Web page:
The change of sides had some very direct consequences to Americans. There were many 15th USAAF pilots in captivity in Romania who immediately were set free upon the change of sides. Lt Col James A Gunn III had recently been shot down whilst over Ploesti in mid-August 1944. He was being held in Lager 13 in Bucharest. When Romania changed sides on 23 August, Gunn resolved to return to the 15th with important information that he received from his former Romanian captors about German bombing plans. Captain Cantacuzino personally flew Gunn in his ME-109 (with Gunn tucked away in the fuselage) back to Italy. It was a hazardous flight, as the Germans still held Yugoslavia and Greece. As a reward, Cantacuzino was given a Mustang to fly back to Bucharest.
Romania and its resources had been vital to German aggression, and this was shown by subsequent events. Once Germany lost the Romanian oil fields, it was living on borrowed time. Fuel had always been in short supply, but after the Soviet invasion of Romania Germany had to rely almost solely on exotic chemical processes to produce completely inadequate supplies of oil. The synthetic oil complexes at Politz and elsewhere could not begin to make up the deficit, though they did enable Germany to prolong the war into 1945.
|A B-24 Liberator called "Sandman" during a bomb run over the Ploiești Astra Romana refinery during Operation Tidal Wave, 1 August 1943.|
The Allies commenced Operation Tidal Wave, the attacks on the Romanian oil fields, in mid-1943. In order to combat the incessant bombing raids, the Germans and Romanian fascists built flak towers and other anti-aircraft coastal batteries. Many remain, successfully hidden, and in fact are just being located today. In Romania, flak towers were built to protect the oil fields from the massive Allied bombing raids of 1943 and 1944. One or more of those remain virtually intact, but they are almost unknown. They were smaller than the massive towers in Berlin and Vienna, but still impressive structures. The post-war authorities successfully camouflaged them as residential buildings. They they sit today, innocuous and potentially lethal, military structures in the midst of ordinary neighborhoods.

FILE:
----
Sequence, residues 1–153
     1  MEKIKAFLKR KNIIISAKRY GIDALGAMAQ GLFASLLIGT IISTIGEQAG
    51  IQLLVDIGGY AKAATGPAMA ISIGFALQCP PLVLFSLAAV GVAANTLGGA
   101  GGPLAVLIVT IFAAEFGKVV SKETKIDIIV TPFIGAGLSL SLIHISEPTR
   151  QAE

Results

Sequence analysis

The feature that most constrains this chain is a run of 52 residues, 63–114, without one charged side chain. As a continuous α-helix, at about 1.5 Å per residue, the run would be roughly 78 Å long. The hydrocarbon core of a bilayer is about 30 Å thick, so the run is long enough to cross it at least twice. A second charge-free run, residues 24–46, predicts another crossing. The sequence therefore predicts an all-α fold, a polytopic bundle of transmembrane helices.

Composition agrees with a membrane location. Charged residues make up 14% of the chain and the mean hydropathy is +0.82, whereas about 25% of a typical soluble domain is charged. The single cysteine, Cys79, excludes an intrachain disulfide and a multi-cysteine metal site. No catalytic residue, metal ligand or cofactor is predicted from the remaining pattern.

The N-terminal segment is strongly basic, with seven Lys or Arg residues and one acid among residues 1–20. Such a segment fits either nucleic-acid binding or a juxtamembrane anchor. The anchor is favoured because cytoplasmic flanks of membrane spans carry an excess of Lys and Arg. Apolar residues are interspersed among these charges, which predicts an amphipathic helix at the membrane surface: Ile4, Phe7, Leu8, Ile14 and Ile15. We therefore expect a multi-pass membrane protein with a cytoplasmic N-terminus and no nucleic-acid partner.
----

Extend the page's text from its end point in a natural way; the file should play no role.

|Romanian soldiers manning a ZPU 2 anti-aircraft machine gun.|
One such flaktower is south of Constanta City in Romania. It was part of the Elisabeth coastal battery. It appears to have had a dual purpose of air defense and also land defense, as a pillbox. I don't know much about it, but it shows why there are so many explorers (just look on youtube!) who seek out World War II structures. There is still a lot there to re-discover, sometimes hidden in plain sight.
|Romanian soldiers marching through Constanta, Romania ca. 1941 (Grund, Federal Archives).|
Specific to the Romanian installation, the Germans began constructing the fortification even before Operation Barbarossa commenced in June 1941. In the spring of that year, the German artillery units on the Black Sea coast already included: